The radio guy tosses again!

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A few weeks ago I mentioned a nice old Grundig radio I found on the curb in a nice part of town. I figured it was a one-off find, maybe someone deciding they didn’t want it taking up room in their garage or basement anymore.

However, to my surprise I spotted another beautiful radio while passing by the same house on my route last night. This one might be even better, depending on your personal taste of course.

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It’s a old Philips radio that I guess would have been made in the 30s or 40s. It mostly made of wood and is finished with a nice veneer. The top is a bit scratched but overall it’s in great condition for its age.

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The front dial is a bit of a linguistic mess, including phrases written in French, Dutch, and occasionally English. From what I can tell it plays FM, shortwave, and longwave, though I’m not exactly sure what the acronyms mean here. The absence of AM seems a bit odd.

The audio is terrific. As you’d expect the sound has that old-timey warmth to it.

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The top also opens up to reveal a record player. It seems to be a bit finicky – you have to hold down the speed indicator for it to spin – but that’s something that’s probably easy enough to fix.

There are a few other issues. The FM tuning mostly works, but seems to miss out on the lower or higher stations. The shortwave and longwave tuners won’t go past the bottom 1/3 of range.

Regardless, it’s a beautiful and potentially valuable radio. Check out some of the prices realized by other old Philips tube radios. It might be worth putting a bit of money into to get it into top condition. I can’t figure out the exact model, so if anyone recognizes it let me know in the comments!

I’ll definitely keep an eye on this place to see if any more awesome radios appear!

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Otherwise, I’ll show you a few other recent finds. I found some old tools in NDG; ….

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… including a cool old metabo drill;

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… a collection of “distressed” vintage dolls in Montreal West (which I left on the curb in front of my house for others to potentially save);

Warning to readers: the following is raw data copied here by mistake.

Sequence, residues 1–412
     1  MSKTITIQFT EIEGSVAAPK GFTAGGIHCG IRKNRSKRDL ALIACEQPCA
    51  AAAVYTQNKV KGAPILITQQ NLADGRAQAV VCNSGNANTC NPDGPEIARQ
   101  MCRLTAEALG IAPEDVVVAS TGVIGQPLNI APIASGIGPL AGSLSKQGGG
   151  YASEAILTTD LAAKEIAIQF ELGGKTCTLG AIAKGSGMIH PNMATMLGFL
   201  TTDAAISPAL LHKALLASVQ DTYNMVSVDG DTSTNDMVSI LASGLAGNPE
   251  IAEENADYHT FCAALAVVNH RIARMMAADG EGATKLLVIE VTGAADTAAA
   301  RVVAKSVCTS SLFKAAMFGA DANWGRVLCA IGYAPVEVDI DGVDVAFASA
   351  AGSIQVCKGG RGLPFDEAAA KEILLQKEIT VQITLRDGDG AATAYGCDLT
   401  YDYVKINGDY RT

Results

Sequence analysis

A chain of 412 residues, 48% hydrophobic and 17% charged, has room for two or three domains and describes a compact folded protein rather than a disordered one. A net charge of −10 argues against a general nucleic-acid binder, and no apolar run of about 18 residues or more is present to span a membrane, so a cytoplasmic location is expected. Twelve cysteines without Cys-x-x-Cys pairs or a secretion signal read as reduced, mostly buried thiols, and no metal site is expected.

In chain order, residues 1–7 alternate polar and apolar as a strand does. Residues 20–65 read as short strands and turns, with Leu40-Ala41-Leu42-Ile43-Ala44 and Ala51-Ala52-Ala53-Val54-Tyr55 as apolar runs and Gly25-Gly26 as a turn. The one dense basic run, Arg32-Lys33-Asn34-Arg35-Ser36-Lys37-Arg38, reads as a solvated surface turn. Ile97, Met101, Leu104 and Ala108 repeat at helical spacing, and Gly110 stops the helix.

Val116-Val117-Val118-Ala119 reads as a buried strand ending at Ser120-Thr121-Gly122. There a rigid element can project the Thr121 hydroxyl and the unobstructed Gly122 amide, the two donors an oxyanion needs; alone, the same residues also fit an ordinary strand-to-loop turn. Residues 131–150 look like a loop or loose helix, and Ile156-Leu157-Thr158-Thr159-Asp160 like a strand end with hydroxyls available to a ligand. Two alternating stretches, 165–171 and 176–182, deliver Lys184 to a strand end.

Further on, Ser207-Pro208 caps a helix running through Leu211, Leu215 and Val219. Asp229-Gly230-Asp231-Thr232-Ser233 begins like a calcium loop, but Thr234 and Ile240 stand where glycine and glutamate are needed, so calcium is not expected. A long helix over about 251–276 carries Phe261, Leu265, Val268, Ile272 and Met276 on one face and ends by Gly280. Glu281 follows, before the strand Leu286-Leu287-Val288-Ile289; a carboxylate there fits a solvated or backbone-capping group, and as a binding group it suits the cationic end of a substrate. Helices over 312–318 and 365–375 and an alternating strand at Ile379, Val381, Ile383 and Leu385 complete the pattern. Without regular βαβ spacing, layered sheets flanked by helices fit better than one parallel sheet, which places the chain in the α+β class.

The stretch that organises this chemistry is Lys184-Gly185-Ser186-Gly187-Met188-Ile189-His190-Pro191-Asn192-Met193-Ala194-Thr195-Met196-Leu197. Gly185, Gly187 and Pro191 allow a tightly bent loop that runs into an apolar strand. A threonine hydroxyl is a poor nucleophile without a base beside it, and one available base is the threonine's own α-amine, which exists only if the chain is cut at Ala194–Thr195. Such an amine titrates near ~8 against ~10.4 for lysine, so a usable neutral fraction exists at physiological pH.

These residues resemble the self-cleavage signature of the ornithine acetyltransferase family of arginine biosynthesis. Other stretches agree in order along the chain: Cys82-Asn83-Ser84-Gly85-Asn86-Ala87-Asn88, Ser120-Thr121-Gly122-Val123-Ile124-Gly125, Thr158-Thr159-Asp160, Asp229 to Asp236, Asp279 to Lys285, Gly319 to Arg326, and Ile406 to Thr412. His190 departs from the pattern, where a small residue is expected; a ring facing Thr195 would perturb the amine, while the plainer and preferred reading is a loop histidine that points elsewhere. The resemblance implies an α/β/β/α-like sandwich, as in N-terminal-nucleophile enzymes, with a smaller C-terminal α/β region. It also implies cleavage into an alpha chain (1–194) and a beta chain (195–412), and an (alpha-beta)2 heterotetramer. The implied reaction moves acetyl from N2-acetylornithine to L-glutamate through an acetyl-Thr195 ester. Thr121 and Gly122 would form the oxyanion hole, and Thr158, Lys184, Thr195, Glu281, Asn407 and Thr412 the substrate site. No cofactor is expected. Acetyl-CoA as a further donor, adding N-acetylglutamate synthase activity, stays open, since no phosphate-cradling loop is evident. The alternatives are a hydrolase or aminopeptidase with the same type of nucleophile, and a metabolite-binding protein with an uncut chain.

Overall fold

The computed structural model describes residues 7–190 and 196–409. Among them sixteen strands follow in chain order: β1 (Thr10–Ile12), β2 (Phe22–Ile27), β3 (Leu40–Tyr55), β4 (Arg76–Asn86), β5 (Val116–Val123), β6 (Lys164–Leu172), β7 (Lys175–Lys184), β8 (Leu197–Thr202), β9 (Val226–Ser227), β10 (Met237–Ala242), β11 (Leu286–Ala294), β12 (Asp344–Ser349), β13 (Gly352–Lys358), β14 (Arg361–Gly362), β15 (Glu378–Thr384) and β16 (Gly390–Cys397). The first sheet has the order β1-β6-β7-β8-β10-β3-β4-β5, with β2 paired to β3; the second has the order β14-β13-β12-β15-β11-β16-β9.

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… a giant mirror that wouldn’t fit in the car in Mount Royal;

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… a less giant mirror that did fit into the car from the same spot;

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… and a shopping bag full of change (the glass jar is also filled with foreign coins) and a silver turtle bracelet in Mount Royal.

Recent sales (August 17 – August 30)

I’m going to spend the next month or so catching up on other projects and “life” stuff, so expect to see fewer posts on this blog. I usually spend 20-30 hours a week on the blog (not to mention all the other work I do) and I’ve neglected doing a lot of other stuff as a result. For example, my health card has been expired for six months. I still plan on writing here, but it’ll mostly be shorter articles that don’t take as long to write.

One of the things I want to get done is to scan some Expo 67 slides I found. I’ll share them here when they’re ready!

Things are a bit slow on eBay right now. This lull is common in the late summer according to the flipping experts at scavengerlife.com. Fortunately it’s prime time for yard sales, so I was able to make decent money regardless.

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1. Yard sales: many small items for 575$. I made 305$ the first sale, 235$ the second, and someone I met at the sale came by and picked up some more stuff later for an extra 35$. I’m pretty happy with a 200$ yard sale, so I was pretty pumped to make 300$ in one day! I set up with a friend at a great spot in the Mile End and had a great time. I really need to another yard sale stock photo though – the one above is from a sale way back in April.